A protein in the gut may help explain why some people can’t tolerate gluten.

A protein in the gut may help explain why some people can’t tolerate gluten.

The immune system. It protects us against infection and bad bacteria. It helps us fight unfriendly invaders. It gets us back on our feet.

But in a world full of new chemicals and substances--things our ancestors never encountered--our immune system can be triggered easily and frequently, and it can actually be what makes us sick.

The immune response produces inflammation to attack whatever it perceives as a threat. When common ingredients in our diet, cosmetics, water, even the air we breathe are perceived as threats by our immune system, it’s no wonder our so much of our population is chronically sick, anxious, depressed, and obese--we’re chronically inflamed.

And inflammation has a profound, damaging impact on the body when it reaches beyond its productive capacity; when it goes beyond defending from invaders and attacks the body because of the things we’re exposed to on a daily basis, it causes inflammation, disease, and degeneration. Inflammation has been linked to diabetes, autoimmune disorders, obesity, anxiety, depression, and so many other common modern diseases.

Gluten is one of those modern substances that can trigger inflammation. Researchers estimate that up to 50% of the world population could have some level of gluten sensitivity.

Zonulin is a protein produced by the intestinal lining that triggers inflammation and irritation when it encounters something it perceives as a threat. It was first discovered by gastroenterologist Alessio Fasano at Massachusetts General Hospital in Boston back in 2000. 

Zonulin regulates the “leakiness” of the gut. It sits between the cell junctions of the intestinal lining, opening and closing the spaces depending on what it encounters. When something comes along that the immune system perceives as a threat--things like salmonella or e.coli--zonulin production is triggered, in turn triggering inflammation, irritation, and a flushing of the digestive tract through diarrhea.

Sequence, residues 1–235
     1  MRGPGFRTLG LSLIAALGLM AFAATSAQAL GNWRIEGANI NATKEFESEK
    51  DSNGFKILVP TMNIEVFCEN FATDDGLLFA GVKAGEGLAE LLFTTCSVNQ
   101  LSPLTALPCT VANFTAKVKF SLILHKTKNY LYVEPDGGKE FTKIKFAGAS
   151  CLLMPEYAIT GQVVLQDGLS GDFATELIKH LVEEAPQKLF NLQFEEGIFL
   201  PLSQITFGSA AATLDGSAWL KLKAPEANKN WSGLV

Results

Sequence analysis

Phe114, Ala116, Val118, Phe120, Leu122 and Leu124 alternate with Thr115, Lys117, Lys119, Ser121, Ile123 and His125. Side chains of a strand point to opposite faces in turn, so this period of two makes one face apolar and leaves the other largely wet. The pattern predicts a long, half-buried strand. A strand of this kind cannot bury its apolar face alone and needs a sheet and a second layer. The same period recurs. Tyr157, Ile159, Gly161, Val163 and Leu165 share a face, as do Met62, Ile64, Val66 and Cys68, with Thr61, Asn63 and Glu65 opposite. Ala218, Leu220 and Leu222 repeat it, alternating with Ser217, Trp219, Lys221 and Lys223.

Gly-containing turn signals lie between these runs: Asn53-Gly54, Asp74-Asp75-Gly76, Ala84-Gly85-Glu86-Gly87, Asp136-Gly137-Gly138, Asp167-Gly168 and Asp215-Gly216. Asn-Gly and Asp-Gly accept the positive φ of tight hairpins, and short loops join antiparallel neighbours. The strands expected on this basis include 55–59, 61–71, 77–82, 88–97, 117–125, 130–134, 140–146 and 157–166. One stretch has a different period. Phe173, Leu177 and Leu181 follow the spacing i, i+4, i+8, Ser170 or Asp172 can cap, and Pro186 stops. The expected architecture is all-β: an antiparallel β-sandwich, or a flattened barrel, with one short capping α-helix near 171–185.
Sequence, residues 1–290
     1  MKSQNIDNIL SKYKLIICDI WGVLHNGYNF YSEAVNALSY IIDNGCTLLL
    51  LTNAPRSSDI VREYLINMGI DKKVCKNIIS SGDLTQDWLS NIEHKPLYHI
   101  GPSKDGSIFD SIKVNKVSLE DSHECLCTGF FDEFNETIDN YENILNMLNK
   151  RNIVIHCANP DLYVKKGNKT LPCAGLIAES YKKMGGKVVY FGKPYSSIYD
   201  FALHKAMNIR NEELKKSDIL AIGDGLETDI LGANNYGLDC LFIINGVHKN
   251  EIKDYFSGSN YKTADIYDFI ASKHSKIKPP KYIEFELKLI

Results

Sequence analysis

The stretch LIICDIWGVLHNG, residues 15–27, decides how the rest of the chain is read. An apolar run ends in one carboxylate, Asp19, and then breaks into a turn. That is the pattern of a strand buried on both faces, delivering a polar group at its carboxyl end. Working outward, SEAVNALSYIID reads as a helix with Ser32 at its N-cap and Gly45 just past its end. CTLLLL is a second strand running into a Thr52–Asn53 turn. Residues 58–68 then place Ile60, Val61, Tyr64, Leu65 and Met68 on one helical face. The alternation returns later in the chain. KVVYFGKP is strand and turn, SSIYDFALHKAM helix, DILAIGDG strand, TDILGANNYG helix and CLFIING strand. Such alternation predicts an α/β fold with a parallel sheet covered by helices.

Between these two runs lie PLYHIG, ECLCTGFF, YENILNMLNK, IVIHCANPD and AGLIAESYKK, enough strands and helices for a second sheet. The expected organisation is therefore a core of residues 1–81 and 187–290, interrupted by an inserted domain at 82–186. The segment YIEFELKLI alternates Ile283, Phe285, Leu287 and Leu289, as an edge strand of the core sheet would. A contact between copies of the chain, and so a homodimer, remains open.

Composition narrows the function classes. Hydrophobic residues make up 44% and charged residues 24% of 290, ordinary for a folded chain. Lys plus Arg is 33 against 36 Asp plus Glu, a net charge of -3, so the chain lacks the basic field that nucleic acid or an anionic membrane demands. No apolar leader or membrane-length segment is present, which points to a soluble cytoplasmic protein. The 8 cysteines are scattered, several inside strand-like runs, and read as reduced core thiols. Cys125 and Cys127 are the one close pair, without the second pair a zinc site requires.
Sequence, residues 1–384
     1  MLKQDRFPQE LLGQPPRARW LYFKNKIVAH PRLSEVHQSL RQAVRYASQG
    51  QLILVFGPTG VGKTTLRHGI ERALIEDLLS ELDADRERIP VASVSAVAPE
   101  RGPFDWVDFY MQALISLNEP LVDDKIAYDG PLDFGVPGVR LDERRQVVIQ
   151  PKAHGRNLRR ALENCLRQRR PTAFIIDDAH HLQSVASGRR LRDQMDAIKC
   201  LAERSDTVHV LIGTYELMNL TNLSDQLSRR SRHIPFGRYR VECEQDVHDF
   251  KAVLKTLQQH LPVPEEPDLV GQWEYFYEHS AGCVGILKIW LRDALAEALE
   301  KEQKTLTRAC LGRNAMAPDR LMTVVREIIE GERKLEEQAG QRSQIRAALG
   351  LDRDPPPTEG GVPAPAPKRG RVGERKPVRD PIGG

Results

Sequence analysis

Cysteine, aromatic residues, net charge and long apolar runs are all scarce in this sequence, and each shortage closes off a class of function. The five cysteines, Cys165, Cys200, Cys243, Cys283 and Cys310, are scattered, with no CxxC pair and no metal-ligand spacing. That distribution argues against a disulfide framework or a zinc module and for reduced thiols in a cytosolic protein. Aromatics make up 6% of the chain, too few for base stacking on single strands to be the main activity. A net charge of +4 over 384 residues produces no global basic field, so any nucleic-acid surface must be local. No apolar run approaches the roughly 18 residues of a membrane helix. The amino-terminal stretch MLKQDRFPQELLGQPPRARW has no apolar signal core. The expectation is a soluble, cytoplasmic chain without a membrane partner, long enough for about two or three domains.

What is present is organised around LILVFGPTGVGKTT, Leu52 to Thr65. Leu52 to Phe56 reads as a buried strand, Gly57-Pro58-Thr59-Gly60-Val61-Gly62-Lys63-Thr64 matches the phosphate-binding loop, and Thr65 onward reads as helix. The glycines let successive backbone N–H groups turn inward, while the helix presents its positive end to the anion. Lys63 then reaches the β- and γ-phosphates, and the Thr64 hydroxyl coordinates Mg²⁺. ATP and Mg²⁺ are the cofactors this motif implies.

Zonulin production is usually a good thing because it means our bodies are working correctly to protect us from invaders. However, when the immune system perceives everyday exposures as dangerous, the chronic inflammation triggered by zonulin can hurt us; zonulin is also linked to Type 1 Diabetes and several autoimmune disorders.

Interestingly enough, gluten and grains also trigger increased zonulin production.

When doctors see increased levels of zonulin, it’s a red flag that something is in the gut that shouldn’t be. If the patient is also experiencing chronic diarrhea, it’s a sign that something they are frequently encountering is triggering the increased zonulin. Often, the culprit is gluten!

When you’re eating gluten, you’re also eating mold--a myotoxin--and glyphosate--a chemical weed killer--each of which can trigger inflammation in the body through increased zonulin production. It’s a perfect storm of exposures that can make you feel constantly unwell--with symptoms like diarrhea, “brain fog”, and trouble with memory and concentration.

It turns out that no human can actually fully digest gluten, and for some people, the undigested protein causes problems in the body. If you’re experiencing chronic diarrhea or abdominal pain, try cutting out gluten for 2 weeks, and/or see a doctor to test your zonulin levels. It may be what you need to get relief!

Thankfully, gluten free options have VASTLY improved over the last few years, and you likely won’t even notice the difference in what you’re eating--but you will certainly notice the difference in how you feel!



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